Cliff Pickover - Fractal Advice and Experts

Below is a list of my favorite fractal gurus. I find them to be experts in many areas, invaluable fonts of information on fractals -- and all with very kind demeanors.

These days computer-generated fractal patterns are everywhere. From squiggly designs on computer art posters to illustrations in the most serious of physics journals, interest continues to grow among scientists and, rather surprisingly, artists and designers. The word "fractal" was coined in 1975 by mathematician and IBM fellow Benoit Mandelbrot to describe an intricate-looking set of curves, many of which were never seen before the advent of computers with their ability to quickly perform massive calculations. Fractals often exhibit self-similarity which means that various copies of an object can be found in the original object at smaller size scales. The detail continues for many magnifications -- like an endless nesting of Russian dolls within dolls. Some of these shapes exist only in abstract geometric space, but others can be used as models for complex natural objects such as coastlines and blood vessel branching. Interestingly, fractals provide a useful framework for understanding chaotic processes and for performing image compression. The dazzling computer-generated images can be intoxicating, motivating students' interest in math more than any other mathematical discovery in the last century.


Fractal expert in topics dealing with physics, art, neural nets, and various facets of strange attractors and chaos:

Professor J. Clint Sprott


Fractal expert in the profound mathematics of fractals and Mandelbrot Sets:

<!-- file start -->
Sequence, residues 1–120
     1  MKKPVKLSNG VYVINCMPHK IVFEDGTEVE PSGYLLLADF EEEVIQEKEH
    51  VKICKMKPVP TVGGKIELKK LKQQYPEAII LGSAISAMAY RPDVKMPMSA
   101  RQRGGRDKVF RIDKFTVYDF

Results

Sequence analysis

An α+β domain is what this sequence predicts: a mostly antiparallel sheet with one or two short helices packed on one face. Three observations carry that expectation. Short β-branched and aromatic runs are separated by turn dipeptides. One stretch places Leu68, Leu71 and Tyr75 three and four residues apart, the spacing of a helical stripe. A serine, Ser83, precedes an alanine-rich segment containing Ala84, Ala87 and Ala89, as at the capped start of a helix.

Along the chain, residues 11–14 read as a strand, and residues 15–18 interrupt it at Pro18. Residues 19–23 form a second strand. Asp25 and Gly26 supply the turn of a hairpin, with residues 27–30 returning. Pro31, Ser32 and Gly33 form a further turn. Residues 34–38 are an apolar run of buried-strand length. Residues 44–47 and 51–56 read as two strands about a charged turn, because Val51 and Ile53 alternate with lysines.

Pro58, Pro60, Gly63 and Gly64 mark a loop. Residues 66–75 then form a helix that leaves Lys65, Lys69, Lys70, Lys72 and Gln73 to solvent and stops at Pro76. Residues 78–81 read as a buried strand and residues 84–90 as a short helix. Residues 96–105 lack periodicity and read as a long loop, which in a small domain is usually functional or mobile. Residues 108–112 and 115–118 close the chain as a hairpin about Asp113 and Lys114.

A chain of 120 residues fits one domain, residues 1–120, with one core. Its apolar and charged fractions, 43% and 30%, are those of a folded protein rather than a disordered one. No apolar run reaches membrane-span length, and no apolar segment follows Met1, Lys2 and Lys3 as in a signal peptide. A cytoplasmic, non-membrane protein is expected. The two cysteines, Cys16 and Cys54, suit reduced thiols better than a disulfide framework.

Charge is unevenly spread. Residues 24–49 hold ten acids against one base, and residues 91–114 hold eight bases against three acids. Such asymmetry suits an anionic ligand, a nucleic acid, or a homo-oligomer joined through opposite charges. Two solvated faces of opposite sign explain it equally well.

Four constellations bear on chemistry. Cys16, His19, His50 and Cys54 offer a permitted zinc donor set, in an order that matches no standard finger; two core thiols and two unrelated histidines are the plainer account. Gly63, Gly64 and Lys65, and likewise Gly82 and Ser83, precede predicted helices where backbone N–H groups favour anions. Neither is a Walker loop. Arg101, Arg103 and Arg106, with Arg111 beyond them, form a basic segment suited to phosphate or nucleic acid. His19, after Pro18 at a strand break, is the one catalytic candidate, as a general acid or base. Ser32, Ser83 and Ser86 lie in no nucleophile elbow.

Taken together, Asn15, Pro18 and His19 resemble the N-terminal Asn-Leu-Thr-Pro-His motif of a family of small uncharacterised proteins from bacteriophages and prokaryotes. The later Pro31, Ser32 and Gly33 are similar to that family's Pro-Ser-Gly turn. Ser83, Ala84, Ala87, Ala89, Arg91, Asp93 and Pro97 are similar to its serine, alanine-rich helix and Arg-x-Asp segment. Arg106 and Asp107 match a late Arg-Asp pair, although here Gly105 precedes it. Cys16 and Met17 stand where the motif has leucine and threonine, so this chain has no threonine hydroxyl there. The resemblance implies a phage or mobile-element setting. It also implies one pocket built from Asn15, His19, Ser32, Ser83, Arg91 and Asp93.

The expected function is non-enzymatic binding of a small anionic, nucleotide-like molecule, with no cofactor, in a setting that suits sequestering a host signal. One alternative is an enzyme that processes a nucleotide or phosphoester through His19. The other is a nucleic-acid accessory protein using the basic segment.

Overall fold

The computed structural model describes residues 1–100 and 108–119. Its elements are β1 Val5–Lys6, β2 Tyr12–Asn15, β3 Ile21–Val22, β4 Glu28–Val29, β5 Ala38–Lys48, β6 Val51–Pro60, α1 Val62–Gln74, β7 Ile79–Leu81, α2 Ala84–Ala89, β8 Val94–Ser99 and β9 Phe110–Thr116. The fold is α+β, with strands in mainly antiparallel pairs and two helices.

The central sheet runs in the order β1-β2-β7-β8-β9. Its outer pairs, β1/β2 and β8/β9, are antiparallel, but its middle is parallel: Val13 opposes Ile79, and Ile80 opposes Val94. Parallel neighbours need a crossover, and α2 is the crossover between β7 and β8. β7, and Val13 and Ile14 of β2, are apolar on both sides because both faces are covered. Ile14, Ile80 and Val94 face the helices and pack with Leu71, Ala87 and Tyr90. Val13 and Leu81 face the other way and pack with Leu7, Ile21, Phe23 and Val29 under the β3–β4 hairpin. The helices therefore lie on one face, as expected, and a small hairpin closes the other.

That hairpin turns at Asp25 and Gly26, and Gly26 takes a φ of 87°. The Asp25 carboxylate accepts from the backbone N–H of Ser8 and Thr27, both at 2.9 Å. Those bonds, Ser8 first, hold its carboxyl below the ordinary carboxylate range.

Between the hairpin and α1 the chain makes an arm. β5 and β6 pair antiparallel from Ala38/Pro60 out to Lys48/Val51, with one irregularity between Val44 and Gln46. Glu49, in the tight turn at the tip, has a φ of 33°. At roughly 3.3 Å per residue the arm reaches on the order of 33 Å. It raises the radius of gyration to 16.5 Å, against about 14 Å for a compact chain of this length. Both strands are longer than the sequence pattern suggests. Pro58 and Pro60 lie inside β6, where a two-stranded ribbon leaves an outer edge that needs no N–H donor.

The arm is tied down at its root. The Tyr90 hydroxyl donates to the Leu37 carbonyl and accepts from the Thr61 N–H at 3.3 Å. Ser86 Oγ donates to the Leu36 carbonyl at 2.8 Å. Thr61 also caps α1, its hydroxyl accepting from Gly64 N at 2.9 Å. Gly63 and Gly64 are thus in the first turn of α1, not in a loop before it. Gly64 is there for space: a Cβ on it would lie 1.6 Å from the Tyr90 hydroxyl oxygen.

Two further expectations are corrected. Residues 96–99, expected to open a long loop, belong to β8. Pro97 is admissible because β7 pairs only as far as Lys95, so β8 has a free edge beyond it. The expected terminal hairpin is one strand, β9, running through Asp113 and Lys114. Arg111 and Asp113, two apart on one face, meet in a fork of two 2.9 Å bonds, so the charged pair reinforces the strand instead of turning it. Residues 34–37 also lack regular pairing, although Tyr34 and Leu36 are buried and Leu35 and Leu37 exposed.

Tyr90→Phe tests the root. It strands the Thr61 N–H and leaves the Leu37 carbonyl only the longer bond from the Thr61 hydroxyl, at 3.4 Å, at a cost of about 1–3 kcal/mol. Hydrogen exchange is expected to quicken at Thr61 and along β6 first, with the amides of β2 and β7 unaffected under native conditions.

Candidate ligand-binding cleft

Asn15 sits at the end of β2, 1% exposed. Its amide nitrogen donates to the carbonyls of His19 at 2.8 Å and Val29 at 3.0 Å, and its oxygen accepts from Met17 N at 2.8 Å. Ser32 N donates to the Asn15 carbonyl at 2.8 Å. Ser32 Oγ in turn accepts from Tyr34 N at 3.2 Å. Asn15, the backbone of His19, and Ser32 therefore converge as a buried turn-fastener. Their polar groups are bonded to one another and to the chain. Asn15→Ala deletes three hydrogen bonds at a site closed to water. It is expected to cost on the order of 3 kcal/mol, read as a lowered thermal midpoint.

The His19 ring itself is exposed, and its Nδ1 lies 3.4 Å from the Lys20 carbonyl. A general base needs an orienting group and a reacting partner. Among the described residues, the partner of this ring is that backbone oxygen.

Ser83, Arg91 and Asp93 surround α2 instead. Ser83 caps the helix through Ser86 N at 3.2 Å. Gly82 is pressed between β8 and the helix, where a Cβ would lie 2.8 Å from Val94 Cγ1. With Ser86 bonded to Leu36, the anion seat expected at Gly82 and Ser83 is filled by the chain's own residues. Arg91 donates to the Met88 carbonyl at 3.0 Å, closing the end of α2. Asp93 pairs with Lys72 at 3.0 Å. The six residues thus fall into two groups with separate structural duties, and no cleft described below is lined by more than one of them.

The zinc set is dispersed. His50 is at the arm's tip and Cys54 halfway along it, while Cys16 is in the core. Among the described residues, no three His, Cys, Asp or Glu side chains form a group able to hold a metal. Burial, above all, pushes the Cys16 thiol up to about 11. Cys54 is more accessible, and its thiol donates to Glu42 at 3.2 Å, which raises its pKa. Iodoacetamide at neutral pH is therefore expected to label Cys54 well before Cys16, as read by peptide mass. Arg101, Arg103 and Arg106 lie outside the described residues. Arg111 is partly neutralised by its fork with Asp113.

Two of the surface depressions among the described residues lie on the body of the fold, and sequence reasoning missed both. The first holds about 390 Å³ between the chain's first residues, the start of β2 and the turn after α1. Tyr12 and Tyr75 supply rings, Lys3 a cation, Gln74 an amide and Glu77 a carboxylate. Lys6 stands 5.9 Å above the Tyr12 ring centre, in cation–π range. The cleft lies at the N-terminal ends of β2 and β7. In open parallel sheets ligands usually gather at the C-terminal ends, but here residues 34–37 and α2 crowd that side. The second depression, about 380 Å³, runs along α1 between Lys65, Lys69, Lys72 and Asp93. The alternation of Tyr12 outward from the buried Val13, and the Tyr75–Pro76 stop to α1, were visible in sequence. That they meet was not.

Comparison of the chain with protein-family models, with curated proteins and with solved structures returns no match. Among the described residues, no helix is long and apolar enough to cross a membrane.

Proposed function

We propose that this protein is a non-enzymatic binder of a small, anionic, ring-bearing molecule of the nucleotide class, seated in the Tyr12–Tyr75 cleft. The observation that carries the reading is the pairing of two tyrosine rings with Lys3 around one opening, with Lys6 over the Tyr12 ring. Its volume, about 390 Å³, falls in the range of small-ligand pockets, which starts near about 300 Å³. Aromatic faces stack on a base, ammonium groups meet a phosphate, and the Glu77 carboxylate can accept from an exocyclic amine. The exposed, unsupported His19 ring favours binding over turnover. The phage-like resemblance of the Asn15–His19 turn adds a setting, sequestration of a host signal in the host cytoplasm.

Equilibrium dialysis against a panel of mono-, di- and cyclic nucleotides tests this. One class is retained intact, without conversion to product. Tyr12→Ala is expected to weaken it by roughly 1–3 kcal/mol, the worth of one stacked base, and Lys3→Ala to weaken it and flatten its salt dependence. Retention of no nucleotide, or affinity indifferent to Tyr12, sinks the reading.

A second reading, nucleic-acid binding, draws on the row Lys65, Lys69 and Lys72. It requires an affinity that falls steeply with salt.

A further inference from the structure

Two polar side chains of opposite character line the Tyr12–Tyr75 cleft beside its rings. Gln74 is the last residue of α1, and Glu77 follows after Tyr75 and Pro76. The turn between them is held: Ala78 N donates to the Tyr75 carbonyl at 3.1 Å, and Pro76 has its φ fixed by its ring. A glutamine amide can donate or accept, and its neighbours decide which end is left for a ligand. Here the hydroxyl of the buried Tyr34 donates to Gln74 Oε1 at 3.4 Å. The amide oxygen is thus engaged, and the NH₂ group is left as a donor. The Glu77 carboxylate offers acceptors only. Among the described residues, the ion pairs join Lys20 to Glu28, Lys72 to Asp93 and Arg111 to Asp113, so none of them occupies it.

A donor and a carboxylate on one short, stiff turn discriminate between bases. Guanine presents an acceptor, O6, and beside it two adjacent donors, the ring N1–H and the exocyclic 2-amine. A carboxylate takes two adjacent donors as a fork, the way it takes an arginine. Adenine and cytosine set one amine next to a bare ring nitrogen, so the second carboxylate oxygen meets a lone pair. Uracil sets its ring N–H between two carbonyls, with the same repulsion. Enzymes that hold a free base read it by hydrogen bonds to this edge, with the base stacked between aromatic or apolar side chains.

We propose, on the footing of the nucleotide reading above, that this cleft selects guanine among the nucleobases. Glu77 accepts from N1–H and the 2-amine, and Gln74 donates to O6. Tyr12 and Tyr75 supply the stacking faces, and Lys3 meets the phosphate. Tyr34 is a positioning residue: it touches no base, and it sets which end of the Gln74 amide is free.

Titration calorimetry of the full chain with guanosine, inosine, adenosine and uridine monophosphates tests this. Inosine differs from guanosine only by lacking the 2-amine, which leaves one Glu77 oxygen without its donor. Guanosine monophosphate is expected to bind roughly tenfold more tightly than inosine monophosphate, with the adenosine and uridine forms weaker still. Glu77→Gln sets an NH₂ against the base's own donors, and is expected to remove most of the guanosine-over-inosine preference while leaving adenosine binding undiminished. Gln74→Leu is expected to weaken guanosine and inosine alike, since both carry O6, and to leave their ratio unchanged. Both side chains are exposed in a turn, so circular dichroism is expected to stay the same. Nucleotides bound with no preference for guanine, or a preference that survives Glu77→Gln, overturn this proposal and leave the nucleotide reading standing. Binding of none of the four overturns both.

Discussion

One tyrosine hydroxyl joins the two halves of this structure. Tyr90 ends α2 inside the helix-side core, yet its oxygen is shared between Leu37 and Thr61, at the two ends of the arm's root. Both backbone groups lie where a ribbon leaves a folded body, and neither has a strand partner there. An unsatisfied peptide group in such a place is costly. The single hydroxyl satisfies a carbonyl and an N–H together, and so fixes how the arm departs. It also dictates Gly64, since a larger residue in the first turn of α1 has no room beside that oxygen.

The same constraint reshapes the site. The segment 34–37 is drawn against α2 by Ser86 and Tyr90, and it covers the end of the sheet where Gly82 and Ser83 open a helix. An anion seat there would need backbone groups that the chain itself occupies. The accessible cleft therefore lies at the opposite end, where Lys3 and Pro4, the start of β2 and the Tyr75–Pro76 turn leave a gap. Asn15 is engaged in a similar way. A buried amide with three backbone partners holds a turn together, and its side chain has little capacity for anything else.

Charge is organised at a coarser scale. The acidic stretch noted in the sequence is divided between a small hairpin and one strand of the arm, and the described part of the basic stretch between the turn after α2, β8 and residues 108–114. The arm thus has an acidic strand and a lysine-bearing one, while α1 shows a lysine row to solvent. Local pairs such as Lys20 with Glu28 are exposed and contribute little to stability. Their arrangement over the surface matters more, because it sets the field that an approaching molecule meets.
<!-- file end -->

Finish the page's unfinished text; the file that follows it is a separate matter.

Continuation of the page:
Professor Michael Frame

Fractal expert in the profound mathematics of fractals and root-finding methods:

Professor Clifford Reiter


Fractals in the classroom: Michael Frame, J. Clint Sprott, Cliff Rieter (see above).

Pure Art

Paul Carlson

The Infinite Fractal Loop

Pickover Books

Many of my own books discuss the artistic and practical use of fractals. Return to my web page for more information. Some recent books include Chaos and Fractals: A Computer Graphical Journey, Fractal Horizons: The Future Use of Fractals, The Loom of God: Mathematical Tapestries at the Edge of Time, and Chaos in Wonderland: Visual Adventures in a Fractal World among many others. I also edit the Chaos and Graphics section of Computers and Graphics and look forward to contributions on the topic of fractals.
Return to Cliff Pickover's home page which includes the Wishing Project cataloging wishes from various cultures, computer art, educational puzzles, fractals, virtual caverns, JAVA/VRML, alien creatures, black hole artwork, and animations.